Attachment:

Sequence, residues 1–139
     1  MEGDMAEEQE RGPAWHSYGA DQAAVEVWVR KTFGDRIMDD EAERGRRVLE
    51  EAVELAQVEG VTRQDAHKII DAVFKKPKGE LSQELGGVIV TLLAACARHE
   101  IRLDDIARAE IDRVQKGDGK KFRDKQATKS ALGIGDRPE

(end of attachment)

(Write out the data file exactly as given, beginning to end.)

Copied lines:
Sequence, residues 1–139
     1  MEGDMAEEQE RGPAWHSYGA DQAAVEVWVR KTFGDRIMDD EAERGRRVLE
    51  EAVELAQVEG VTRQDAHKII DAVFKKPKGE LSQELGGVIV TLLAACARHE
   101  IRLDDIARAE IDRVQKGDGK KFRDKQATKS ALGIGDRPE